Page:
Desmoplastic small-round-cell tumor
The connective tissues of the body are tissues that are designed to support and connect organs, muscles, and skin within the body. If any of the cells in these connective tissues become cancerous, a person may develop a soft-tissue sarcoma. A desmoplastic small-round-cell tumor is a very rare type of soft-tissue sarcoma, and it grows extremely quickly.
Definition & Facts
Desmoplastic small-round-cell tumors are cancerous tumors that tend to be large masses. They are characterized by desmoplastic stroma, which are an overgrowth of connective tissue, and dense, solid nests of small round cells.
This type of tumor is most often considered to be a childhood cancer because it frequently affects children and young adults. Though it is most common among males, females may also develop desmoplastic small-round-cell tumors. Desmoplastic small-round-cell tumors are extremely rare, and only about 20 new cases of this cancer are diagnosed each year.
Symptoms & Complaints
The only early symptom is tumors that feel like a hard, dense, round mass, but when these tumors are growing deep within the abdomen, they may not be very apparent. Symptoms typically only become noticeable when the tumors are large enough to be putting pressure on organs and glands in the abdominal cavity.
The tumors can cause feelings of fatigue and back pain. Fluid often begins to collect in the abdominal cavity, and the tumorous masses can grow to very large sizes. Therefore, the cancer progression often causes abdominal swelling and abdominal distension.
If the tumors are growing near the thyroid or other glands that produce hormones, a person with a desmoplastic small-round-cell tumor might have thyroid conditions or hormonal imbalances. Other possible symptoms include kidney issues, difficulty urinating, anemia, and blood clots.
Like all other types of cancer, desmoplastic small-round-cell tumors are caused by cells that become damaged and start to divide and spread without control. Desmoplastic small-round-cell tumors are always accompanied by a unique error in two chromosomes that control cell growth. The EWS gene on chromosome 22 becomes fused to the WT1 (Wilms tumor protein) gene on chromosome 11, and the resulting protein cannot control or suppress cell growth properly.
People with this condition are more likely to be young and male. The reason that desmoplastic small-round-cell tumor most affects children is that it is formed by primitive cells. Primitive cells are immature cells used to grow other types of cells within the body. Children have higher amounts of primitive cells than adults, so they have more cells that can turn into a desmoplastic small-round-cell tumor.
General risk factors for cancer apply to these types of tumors. This means that exposure to carcinogenic chemicals and environmental pollutants may increase a person's chance of developing a desmoplastic small-round-cell tumor.
Diagnosis & Tests
Diagnosis for desmoplastic small-round-cell tumor typically begins with the discovery of bulky, dense masses in the abdominal cavity or pelvis. Often, the tumors are 10 centimeters or larger before they are discernible during a physical examination. Sometimes they are discovered earlier if the patient is undergoing an abdominal surgery or imaging tests for unrelated reasons.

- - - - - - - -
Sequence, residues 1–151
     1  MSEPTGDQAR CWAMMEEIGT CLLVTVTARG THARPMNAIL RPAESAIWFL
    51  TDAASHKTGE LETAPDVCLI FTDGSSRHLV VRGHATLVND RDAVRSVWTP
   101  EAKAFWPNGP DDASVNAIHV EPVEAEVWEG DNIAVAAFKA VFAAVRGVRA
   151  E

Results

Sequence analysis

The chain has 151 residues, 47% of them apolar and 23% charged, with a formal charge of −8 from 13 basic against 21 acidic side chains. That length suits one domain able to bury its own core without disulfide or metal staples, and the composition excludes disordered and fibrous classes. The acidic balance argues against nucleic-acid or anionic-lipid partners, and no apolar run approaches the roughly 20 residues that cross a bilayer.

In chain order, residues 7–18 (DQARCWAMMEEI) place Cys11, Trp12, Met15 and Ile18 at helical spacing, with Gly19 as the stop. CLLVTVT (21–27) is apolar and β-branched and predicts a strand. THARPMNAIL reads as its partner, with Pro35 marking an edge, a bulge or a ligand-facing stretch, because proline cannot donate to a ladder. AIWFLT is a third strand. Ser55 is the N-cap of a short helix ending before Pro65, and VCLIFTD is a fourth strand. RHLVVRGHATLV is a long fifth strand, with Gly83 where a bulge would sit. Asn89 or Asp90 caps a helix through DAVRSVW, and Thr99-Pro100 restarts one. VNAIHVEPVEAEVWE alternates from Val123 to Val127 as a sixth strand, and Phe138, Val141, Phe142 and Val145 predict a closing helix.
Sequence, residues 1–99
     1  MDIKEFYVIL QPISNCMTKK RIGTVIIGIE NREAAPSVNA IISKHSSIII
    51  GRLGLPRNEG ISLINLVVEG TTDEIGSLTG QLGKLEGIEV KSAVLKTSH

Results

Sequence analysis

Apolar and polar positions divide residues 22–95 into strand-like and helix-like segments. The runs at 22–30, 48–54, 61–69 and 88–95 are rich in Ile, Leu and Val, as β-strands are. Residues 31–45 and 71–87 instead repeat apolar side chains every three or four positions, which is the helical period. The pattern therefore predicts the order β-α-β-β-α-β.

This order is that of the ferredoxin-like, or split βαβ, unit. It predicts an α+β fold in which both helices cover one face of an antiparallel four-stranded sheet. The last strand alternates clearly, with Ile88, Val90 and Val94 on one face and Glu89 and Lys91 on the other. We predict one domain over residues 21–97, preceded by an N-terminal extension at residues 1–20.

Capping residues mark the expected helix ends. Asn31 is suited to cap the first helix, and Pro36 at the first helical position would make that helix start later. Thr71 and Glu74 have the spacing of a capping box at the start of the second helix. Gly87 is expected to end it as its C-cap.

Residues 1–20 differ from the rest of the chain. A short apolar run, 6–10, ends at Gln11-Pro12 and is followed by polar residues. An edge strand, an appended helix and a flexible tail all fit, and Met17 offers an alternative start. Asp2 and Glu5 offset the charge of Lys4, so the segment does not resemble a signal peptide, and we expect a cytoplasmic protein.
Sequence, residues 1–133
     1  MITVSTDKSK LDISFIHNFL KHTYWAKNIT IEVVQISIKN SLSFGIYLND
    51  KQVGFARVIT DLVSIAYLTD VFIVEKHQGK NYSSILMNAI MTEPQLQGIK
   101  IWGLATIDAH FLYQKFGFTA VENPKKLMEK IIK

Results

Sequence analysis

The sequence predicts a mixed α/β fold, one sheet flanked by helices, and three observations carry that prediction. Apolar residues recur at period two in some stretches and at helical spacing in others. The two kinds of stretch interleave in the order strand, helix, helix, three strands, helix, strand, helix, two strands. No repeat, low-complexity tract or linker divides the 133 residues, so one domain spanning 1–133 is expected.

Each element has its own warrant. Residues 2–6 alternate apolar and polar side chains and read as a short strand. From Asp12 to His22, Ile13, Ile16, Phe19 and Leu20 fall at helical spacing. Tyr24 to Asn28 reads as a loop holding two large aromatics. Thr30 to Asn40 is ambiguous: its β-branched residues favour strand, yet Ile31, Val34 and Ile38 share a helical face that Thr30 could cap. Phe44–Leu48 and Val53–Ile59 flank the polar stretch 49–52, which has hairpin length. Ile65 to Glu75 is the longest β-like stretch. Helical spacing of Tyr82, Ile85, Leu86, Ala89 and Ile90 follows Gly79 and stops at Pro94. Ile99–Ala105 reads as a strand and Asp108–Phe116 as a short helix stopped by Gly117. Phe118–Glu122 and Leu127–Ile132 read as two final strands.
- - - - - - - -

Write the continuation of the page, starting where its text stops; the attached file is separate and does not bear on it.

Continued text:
Once the tumor is discovered, a biopsy will be needed to determine whether the tumor is malignant. A biopsy will show whether the cells are aggressive and cancerous. There are many types of round cell tumors, so sometimes desmoplastic small-round-cell tumor can be confused for another type of round cell tumor, such as Ewing's sarcoma.
However, an analysis of a tumor sample will help to diagnose it specifically because this type of analysis will reveal the signature protein caused by the EWS-WT1 fusion. Once the protein that characterizes this type of cancer has been discovered through analysis, the diagnosis will be confirmed. Since desmoplastic small-round-cell tumors are often associated with multiple, aggressive tumors, an imaging test will typically be required to determine the extent of the cancer.
Treatment & Therapy
Since desmoplastic small-round-cell tumors are so aggressive and spread so quickly, the five-year survival rate for patients is roughly 15 percent. However, the prognosis for patients with desmoplastic small-round-cell tumor is improving as treatment methods become more advanced. Basic options for treating this condition are surgeries to remove the tumors, radiation therapy, and chemotherapy.
The precise treatment plan will depend on the location and severity of the cancer. For example, if it is caught relatively quickly and still contained to the abdomen, a doctor may just recommend surgery to remove the tumors before the cancer can spread. Even if all cancerous cells cannot be removed with surgery, it is still often needed to remove large tumors that are putting pressure on other organs or harming bodily functions.
However, if the cancer has metastasized to lymph nodes, the liver, bones, or the lungs, extensive chemotherapy and radiation may be required. Chemotherapies that are often used to treat desmoplastic small-round-cell tumors include etoposide, doxorubicin, cyclophosphamide, vincristine, and ifosfamide.
Stem cell transplants can help to alleviate some of the effects of high-dosage chemotherapy. Some new therapies are molecularly targeted, so they make it easier to kill cancerous cells without destroying healthy ones.
Prevention & Prophylaxis